GREEN DAY

GREEN DAY ¡Tré!  [Warner Bros.]  After diving into political and social commentary with concept albums in 2004 and 2009, Green Day lightened the mood in 2012 with a trilogy of less weighty records, released a few months apart. ¡Tré! wraps the triptych in characteristic fashion: There are no grand philosophical statements or particular points of view, just punchy pop songs that echo elements of the band’s career to now. “Missing You,” “Amanda”... 

RA RA RIOT

RA RA RIOT Beta Love [Barsuk] Beta Love is an eccentric marriage of styles coexisting harmoniously, against the odds. This Syracuse quartet has moved from broody indie chamber-pop toward vibrant synth-pop, and the jolt that comes from the opening notes signifies more than just the newfound prominence of keyboards: It’s a complete reevaluation of their songwriting. This restructuring could be attributed to the departure of cellist Alexandra Lawn... 

WANDA JACKSON

WANDA JACKSON  Unfinished Business [Sugar Hill] At 75, Wanda Jackson has nothing left to prove. Since emerging in the ’50s as a female Elvis, she’s weathered fallow periods, but the Queen of Rockabilly has never really disappeared. In 2009, she was inducted into the Rock and Roll Hall of Fame, and two years later, Jack White stepped up to produce The Party Ain’t Over, a problematic album that said as much about White’s ambitions as it did...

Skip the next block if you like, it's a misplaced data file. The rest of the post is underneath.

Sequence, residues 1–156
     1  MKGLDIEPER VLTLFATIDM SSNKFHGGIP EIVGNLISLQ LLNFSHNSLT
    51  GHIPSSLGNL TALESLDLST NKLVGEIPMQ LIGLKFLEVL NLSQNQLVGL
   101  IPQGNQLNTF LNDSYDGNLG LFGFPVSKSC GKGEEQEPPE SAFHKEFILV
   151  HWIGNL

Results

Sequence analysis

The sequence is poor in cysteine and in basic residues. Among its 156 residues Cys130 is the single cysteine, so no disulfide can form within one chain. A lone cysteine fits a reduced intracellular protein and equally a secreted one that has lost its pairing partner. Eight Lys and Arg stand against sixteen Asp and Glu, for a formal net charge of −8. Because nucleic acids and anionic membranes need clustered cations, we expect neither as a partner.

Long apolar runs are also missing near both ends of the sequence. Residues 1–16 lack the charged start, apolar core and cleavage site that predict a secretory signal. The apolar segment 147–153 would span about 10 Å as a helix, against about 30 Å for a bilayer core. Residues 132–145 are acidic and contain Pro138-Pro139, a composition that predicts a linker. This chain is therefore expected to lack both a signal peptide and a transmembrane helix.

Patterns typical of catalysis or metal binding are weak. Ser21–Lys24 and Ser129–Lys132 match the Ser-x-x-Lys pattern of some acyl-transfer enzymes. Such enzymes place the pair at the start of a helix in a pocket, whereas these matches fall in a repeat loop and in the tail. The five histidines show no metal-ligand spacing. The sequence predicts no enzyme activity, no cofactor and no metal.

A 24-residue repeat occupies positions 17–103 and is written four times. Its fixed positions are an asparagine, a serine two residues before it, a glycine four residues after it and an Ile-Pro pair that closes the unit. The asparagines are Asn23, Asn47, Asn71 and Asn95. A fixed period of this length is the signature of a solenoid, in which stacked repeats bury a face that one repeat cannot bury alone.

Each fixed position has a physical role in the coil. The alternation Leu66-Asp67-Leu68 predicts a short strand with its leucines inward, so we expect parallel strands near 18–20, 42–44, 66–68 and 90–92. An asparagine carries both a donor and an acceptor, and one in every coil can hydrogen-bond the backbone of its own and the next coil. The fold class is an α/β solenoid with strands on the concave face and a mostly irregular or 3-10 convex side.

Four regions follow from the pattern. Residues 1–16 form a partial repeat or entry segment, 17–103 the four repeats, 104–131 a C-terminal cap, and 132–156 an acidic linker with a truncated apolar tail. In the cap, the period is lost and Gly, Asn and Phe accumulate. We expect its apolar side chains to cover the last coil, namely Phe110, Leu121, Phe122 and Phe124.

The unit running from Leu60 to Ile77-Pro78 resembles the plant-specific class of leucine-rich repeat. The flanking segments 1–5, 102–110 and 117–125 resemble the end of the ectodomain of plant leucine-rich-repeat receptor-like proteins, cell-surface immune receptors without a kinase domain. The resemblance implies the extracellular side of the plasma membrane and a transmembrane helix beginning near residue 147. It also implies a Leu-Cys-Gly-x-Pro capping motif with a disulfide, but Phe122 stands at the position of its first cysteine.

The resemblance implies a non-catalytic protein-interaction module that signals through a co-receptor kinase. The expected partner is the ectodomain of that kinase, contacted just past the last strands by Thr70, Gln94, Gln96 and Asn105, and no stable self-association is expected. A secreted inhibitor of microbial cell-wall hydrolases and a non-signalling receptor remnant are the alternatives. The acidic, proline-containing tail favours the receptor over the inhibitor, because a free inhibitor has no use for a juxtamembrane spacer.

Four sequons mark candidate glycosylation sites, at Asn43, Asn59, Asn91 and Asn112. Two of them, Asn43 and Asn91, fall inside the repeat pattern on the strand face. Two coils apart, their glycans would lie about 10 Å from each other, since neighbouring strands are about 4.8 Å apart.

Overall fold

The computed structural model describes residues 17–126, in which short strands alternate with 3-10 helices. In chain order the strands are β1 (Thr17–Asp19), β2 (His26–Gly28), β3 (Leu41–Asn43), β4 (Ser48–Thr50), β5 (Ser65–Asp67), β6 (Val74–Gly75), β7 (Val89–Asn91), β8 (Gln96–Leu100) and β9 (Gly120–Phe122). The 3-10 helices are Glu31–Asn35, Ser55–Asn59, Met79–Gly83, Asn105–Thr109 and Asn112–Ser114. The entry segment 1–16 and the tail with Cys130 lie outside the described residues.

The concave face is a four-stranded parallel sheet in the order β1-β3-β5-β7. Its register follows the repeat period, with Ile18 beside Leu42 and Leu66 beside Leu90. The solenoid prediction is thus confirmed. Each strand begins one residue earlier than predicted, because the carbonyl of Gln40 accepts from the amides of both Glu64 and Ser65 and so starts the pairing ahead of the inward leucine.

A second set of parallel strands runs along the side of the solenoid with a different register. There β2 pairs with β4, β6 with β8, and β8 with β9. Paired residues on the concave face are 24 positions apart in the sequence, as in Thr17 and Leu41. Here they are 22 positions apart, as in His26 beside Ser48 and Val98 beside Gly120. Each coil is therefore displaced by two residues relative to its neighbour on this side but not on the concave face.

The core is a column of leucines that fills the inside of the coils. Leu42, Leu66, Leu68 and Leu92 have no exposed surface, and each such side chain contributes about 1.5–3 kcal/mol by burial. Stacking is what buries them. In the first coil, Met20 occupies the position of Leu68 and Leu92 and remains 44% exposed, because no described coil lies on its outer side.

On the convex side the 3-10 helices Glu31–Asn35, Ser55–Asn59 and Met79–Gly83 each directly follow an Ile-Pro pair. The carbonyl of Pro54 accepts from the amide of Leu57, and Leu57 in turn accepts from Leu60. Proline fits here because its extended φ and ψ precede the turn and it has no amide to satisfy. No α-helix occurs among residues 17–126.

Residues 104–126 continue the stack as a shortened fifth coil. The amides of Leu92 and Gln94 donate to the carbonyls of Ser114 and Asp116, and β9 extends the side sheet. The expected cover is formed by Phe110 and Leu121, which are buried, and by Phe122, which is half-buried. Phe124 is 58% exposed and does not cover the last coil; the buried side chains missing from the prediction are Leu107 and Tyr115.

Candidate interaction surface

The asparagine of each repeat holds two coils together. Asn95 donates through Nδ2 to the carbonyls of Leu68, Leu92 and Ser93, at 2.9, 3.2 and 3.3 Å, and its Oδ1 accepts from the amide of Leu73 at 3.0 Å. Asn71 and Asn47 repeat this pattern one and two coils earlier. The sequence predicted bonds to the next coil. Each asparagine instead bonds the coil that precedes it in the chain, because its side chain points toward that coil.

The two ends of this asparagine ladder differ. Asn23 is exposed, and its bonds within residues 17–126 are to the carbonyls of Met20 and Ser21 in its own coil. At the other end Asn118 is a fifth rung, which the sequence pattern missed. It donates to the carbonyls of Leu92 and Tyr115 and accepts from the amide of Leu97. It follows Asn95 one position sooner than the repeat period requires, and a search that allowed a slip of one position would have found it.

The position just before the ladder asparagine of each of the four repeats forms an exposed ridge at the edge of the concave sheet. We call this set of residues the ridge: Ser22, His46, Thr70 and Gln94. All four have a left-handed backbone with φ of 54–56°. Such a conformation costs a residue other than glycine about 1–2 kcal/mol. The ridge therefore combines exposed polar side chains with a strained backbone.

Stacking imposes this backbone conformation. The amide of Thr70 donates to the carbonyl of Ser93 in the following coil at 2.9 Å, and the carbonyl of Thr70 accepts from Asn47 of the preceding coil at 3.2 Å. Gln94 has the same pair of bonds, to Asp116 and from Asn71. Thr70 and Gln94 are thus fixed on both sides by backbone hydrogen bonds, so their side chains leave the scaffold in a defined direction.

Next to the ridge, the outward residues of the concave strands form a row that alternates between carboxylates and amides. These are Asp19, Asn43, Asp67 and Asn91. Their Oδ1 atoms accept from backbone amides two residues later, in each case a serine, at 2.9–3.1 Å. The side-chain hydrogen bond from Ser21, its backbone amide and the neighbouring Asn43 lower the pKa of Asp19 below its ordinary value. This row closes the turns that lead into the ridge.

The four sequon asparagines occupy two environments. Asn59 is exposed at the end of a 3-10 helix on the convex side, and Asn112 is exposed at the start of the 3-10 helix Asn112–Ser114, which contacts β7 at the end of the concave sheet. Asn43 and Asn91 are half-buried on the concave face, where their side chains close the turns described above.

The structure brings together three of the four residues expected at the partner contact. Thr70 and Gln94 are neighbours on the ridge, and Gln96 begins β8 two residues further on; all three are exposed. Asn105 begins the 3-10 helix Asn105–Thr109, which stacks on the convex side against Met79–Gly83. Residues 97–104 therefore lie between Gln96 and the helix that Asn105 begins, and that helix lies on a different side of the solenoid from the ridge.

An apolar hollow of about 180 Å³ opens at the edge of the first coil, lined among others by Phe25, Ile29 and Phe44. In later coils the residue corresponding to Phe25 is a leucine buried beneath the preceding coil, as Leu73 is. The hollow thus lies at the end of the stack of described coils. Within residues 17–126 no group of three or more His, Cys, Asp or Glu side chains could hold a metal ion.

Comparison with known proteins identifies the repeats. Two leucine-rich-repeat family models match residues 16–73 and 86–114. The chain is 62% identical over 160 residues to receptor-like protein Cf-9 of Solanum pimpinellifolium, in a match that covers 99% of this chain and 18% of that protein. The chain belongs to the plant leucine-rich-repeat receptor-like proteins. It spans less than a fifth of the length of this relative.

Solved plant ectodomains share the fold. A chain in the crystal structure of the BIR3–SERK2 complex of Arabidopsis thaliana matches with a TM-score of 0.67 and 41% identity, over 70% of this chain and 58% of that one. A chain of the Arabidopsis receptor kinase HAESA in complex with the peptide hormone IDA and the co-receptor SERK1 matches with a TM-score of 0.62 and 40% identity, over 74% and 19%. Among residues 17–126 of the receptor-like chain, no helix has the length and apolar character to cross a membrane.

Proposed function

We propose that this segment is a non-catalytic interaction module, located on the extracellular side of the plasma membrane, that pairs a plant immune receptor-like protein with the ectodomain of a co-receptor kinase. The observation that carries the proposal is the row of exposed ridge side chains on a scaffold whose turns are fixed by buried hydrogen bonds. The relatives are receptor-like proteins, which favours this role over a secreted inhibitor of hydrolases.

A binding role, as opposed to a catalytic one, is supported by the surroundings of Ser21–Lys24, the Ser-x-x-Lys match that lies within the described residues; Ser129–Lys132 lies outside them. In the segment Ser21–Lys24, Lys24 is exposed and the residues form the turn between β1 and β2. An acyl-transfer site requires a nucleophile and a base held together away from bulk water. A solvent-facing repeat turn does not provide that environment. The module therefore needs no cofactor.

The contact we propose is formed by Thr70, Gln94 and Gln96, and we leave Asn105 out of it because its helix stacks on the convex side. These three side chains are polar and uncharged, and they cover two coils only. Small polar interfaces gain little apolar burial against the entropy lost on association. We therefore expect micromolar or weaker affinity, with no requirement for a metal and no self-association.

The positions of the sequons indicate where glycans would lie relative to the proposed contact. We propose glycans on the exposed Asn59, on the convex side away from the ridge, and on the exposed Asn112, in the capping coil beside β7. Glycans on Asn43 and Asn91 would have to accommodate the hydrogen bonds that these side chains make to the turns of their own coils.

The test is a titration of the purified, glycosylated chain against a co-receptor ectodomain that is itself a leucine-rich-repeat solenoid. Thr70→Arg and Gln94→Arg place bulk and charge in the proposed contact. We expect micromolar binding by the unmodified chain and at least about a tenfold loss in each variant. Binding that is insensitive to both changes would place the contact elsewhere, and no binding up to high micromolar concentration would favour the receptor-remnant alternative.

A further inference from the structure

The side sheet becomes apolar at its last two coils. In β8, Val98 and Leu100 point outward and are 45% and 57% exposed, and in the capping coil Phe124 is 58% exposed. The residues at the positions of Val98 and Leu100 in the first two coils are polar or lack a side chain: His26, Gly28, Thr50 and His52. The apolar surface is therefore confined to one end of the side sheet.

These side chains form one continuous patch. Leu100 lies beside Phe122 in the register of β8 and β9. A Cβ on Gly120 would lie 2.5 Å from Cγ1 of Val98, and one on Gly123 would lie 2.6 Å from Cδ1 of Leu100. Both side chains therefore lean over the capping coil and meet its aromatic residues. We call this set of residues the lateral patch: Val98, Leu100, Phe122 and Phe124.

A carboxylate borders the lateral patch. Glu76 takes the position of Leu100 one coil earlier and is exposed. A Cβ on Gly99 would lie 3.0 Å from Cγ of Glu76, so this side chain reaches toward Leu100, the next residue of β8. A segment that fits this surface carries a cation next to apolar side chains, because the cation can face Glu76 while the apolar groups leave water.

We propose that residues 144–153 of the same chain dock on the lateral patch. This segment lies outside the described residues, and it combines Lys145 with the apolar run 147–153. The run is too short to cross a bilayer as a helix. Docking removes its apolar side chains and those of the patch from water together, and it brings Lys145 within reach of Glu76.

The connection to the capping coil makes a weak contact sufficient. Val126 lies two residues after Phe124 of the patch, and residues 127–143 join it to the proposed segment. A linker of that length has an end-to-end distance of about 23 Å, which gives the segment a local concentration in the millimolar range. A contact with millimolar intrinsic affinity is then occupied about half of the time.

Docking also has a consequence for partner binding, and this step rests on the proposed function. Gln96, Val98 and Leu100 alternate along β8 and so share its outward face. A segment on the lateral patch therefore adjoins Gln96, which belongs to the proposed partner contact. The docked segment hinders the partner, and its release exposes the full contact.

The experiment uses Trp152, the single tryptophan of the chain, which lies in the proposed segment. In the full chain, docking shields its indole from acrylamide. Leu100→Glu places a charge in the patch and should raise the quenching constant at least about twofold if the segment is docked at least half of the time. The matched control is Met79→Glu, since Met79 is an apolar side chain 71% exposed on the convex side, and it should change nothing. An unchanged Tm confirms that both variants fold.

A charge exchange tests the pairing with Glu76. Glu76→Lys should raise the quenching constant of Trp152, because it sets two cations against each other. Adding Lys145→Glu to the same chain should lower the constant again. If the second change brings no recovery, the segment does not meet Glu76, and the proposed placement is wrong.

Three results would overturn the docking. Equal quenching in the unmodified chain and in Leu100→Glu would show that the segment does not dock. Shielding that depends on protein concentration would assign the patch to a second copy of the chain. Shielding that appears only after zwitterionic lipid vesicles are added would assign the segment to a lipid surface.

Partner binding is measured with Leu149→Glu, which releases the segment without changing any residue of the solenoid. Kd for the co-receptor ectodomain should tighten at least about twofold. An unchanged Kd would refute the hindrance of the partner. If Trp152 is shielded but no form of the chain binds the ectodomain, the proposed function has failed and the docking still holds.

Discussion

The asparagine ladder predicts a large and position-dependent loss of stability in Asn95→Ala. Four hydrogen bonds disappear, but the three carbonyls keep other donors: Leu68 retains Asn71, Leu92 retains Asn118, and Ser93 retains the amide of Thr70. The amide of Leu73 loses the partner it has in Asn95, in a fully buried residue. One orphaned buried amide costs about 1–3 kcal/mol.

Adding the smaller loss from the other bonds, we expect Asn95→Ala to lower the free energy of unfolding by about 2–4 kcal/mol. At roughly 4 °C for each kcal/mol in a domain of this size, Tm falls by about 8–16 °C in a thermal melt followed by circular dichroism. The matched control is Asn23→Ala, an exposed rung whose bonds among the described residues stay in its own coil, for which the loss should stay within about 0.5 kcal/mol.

MILES DAVIS QUINTET

MILES DAVIS QUINTET Live in Europe 1969: The Bootleg Series Vol. 2  [Columbia/Legacy] What a difference a couple of years makes.  The Miles Davis Quintet documented on the first volume of this series—recorded in 1967 in various European locales—was, by many accounts, the quintessential Miles Davis outfit, as well as one of the most incendiary and innovative jazz ensembles ever. With Wayne Shorter on saxophone, Herbie Hancock on keyboards, Ron... 

CHIEF KEEF

CHIEF KEEF Finally Rich [Interscope] Taken out of context, the songs on Chief Keef’s big-league debut aren’t terribly remarkable. The Chicago rapper slurs his way through slang-heavy lines about liquor, drugs, money, guns, jewelry, foreign cars and occasionally the validation and security that come with success. He’s blunt and boastful, an unrepentant gangsta who found internet fame while under house arrest. The interesting thing: Keef is just...